The Carroll County Board of Education decided to move forward with a comprehensive facilities study, a project that was put on hold earlier this month when Superintendent Steve Guthrie said his staff was not qualified to conduct parts of the study.
During the county budget cycle last spring, the Carroll County Board of Commissioners requested that the school system conduct a comprehensive facilities study to "assess the need for and proper utilization of the school facilities across the county over the next 10 years."
More recently, that conversation focused on closing schools with County Commissioner Richard Rothschild suggesting that would be necessary to cut costs.
At a board of education meeting earlier this month, Guthrie was expected to announce a series of cost-savings options, including facility closures based on the comprehensive facilities study. Instead, Guthrie announced that he was uncomfortable completing the facilities study in-house.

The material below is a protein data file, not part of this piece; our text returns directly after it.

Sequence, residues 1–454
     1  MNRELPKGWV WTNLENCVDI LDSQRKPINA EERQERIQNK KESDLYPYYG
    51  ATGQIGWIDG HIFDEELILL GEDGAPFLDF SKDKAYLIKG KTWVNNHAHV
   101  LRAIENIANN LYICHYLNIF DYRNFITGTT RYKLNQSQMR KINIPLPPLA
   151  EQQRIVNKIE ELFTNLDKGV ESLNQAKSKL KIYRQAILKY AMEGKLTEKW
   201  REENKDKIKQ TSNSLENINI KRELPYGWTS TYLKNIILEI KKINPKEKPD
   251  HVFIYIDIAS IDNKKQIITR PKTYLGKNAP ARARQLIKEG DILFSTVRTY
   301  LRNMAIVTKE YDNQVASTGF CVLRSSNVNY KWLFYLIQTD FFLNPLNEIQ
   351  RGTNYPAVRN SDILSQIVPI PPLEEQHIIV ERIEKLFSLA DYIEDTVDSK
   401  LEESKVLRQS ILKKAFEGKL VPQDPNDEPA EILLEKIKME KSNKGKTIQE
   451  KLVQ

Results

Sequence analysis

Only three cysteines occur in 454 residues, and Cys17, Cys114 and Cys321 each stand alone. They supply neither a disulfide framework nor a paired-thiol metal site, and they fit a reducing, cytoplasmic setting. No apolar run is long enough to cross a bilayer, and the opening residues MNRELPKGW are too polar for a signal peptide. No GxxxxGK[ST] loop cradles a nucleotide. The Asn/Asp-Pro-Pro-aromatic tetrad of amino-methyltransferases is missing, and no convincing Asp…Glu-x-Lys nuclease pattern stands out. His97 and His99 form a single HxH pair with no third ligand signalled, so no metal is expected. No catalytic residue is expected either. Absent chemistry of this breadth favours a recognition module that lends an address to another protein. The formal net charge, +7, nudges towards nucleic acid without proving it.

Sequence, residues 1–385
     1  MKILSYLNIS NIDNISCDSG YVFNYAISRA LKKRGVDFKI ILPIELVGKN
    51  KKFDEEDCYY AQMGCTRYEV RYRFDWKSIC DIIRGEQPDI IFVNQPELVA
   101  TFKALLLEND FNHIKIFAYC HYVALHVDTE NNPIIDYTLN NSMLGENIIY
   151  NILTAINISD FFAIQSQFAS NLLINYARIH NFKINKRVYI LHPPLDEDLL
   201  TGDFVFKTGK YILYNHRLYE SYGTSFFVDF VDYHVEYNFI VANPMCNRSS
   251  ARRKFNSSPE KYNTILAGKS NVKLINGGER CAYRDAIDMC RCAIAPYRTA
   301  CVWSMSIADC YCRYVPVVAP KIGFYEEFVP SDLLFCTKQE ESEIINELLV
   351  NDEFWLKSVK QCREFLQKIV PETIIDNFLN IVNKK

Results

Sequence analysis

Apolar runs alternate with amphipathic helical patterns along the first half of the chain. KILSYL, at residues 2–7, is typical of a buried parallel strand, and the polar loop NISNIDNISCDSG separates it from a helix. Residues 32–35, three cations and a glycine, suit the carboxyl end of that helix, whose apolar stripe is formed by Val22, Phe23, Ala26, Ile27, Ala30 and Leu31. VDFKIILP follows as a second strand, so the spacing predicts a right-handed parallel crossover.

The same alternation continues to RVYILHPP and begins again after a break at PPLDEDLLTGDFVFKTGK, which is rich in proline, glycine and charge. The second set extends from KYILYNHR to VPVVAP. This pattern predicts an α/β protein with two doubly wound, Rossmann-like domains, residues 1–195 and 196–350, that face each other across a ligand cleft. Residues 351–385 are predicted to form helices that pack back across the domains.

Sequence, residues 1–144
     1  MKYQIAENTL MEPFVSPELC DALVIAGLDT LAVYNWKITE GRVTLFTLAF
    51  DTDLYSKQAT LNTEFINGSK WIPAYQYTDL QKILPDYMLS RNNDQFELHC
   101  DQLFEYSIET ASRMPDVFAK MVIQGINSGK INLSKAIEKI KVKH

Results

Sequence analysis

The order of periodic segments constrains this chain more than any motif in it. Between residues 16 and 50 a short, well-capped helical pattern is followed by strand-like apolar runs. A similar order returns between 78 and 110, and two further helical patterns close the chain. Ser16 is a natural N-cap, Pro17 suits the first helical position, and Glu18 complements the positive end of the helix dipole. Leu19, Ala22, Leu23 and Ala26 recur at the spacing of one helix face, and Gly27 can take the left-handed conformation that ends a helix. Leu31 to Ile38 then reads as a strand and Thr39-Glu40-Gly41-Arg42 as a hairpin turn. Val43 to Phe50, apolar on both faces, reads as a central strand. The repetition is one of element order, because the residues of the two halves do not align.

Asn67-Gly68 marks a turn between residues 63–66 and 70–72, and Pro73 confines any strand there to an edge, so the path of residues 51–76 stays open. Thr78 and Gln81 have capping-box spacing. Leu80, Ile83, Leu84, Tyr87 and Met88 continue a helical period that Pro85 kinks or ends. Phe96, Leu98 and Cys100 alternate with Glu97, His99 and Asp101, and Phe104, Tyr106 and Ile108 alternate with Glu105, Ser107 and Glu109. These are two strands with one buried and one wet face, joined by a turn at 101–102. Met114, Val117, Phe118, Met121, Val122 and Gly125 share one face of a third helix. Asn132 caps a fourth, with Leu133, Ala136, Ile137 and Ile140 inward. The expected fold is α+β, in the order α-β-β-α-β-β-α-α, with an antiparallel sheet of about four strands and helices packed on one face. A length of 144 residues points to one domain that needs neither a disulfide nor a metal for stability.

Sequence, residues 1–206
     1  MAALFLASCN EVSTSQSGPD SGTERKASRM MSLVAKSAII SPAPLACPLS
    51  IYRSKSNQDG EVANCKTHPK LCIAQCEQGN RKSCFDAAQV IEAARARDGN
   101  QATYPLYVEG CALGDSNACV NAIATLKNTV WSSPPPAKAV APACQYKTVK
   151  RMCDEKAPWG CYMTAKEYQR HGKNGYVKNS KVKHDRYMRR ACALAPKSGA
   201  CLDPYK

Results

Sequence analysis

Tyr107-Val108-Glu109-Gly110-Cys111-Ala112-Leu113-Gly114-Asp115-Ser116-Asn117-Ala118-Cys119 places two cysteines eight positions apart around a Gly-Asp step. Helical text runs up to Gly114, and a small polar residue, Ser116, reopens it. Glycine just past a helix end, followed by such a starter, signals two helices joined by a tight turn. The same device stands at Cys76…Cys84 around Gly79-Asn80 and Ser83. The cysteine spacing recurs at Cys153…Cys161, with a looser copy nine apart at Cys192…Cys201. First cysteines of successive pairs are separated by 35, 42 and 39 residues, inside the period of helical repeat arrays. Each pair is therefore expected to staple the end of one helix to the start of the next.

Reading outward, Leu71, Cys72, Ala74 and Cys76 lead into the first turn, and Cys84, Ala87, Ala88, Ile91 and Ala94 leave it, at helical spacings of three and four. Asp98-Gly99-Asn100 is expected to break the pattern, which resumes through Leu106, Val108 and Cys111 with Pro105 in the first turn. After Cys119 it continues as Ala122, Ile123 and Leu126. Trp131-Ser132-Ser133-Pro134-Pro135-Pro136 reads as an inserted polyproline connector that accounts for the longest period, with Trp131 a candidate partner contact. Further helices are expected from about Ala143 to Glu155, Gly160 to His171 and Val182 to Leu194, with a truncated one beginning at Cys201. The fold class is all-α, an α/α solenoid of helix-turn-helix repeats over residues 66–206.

The study was put on hold and the board of education agreed that it would meet with county commissioners to get some direction and establish priorities.
At last week's board of education meeting, school board member Barbara Shreeve said the board should conduct the study and make decisions rather than rely on the county commissioners. She argued that the commissioners are responsible for funding education, not making decisions concerning how to run the school system.
"I just feel like if we go to them and ask them what we want them to do and where they want to go with the study, we are asking them to overstep their bounds," Shreeve said. "I feel really funny going across the street and asking them what they want us to do."
Board of education members agreed that they would request to still meet with the commisioners at a previously scheduled Dec. 12 meeting and update the commissioners on their decision to move forward with the facilities study.
Guthrie said he is not sure how much it will cost to hire an outside consultant to conduct parts of the facilities study, but he said it "will not be inexpensive." Guthrie said that he expects the school system to pay the cost of the study.